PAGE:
Tuesday, December 23, 2008


“Your people got any wolf stories?”

-- Erastus Hammer
Effigy, by Alissa York.
Believe it or not, a real wolf and an imaginary crow figure prominently in the impressive array of essential characters in this novel. Not that it is lacking in plot, but clearly, it is more of a character-driven, imagistic work. Richly poetic, or as I have previously described it, lyrical.
I love this book, present-tense. I read its final page last night, but the story stays with me, a reverberating echo.
Erastus Hammer is a four-wived Mormon horse-rancher in 1860’s Utah. Because of his failing eyesight he is forced to pursue his greatest passion [the shooting of animals] by relying on his Native American guide, Tracker. Erastus claims the spoils, but Tracker fires the shots.
Erastus selected his fourth wife, Dorrie, specifically for her unique talents at taxidermy. She faithfully “resurrects” all of the carcasses deposited at her workshop, but seems to be having an unusually difficult time bringing a certain wolf pack to life.
There is so much I could say about the diversity of Hammer’s four wives. Of the way the title of the book relates to its content. Of the guilt and longing in the heart of Tracker. Of the winding way that “Bendy” Drown becomes a farmhand on the ranch, or how he becomes the agent whereby Dorrie herself is resurrected. Of the foreboding terror a vengeful wolf wreaks upon the household as he howls at night, stalking the perimeter of the homestead. Of the rich way the author reveals the horror of the [real-life] Mountain Meadow Massacre, which took place in 1857 when a wagon train from Arkansas en route to California was ambushed. Dorrie survived this horror, as she will survive the dreadfulness of being Erastus Hammer’s wife. Instead of providing synopsis, I would point you towards the book itself and encourage you to pick it up.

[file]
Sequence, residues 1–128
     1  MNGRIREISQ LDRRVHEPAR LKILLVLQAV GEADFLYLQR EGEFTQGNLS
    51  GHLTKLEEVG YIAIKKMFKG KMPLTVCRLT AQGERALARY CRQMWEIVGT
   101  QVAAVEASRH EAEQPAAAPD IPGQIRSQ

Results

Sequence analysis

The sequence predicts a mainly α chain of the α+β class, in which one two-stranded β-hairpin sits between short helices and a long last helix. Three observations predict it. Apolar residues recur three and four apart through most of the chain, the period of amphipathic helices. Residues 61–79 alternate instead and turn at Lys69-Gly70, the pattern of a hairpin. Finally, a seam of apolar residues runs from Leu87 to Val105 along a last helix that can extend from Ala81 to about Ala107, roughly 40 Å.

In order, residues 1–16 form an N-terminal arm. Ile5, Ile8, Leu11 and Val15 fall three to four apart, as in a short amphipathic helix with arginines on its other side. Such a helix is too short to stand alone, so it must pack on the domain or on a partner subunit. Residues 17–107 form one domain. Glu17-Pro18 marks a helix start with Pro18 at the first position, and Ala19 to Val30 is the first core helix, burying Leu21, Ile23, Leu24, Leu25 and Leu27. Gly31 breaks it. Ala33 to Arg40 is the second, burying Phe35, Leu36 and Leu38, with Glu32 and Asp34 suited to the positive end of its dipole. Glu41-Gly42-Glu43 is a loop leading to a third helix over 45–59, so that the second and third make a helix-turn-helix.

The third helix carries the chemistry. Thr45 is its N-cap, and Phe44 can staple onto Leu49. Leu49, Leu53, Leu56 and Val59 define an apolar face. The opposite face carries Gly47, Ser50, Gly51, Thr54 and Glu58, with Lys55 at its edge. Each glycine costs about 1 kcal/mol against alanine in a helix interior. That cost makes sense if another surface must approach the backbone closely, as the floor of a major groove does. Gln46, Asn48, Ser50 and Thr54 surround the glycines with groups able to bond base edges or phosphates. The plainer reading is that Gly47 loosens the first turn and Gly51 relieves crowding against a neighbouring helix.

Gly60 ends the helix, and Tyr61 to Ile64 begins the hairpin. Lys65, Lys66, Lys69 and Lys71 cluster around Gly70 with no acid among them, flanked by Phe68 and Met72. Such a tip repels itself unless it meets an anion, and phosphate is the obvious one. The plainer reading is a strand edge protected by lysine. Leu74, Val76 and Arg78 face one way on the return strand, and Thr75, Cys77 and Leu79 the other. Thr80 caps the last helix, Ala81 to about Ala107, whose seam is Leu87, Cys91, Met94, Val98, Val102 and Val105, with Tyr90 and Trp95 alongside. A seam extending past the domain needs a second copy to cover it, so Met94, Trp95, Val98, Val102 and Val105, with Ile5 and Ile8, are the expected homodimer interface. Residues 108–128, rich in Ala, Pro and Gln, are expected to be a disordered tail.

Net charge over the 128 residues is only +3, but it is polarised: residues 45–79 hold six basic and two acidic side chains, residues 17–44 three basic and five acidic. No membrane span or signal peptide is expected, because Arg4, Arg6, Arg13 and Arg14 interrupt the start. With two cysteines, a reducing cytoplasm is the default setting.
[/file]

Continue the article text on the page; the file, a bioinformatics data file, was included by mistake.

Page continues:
The beauty of Effigy involves the intricacy of the threadwork. Grimness delivered with grace. Through letters, flashbacks, dreams, insights into the hypocrisy of religious devotion gone awry, and ever-eloquent narration, Alissa York has provided me with one of my favorite reads of 2008.
Effigy is a wonderful patchwork-quilt of a novel. Eerie, ominous, riveting and intricate. Searing in the end, and delicious [albeit bittersweet] in revenge and reward.
The author has said, "I want people to really feel a lot. It's not my goal to just make people think. I want them to think, but I want them, more than anything, to feel."
Here in Effigy, she succeeds at both things.


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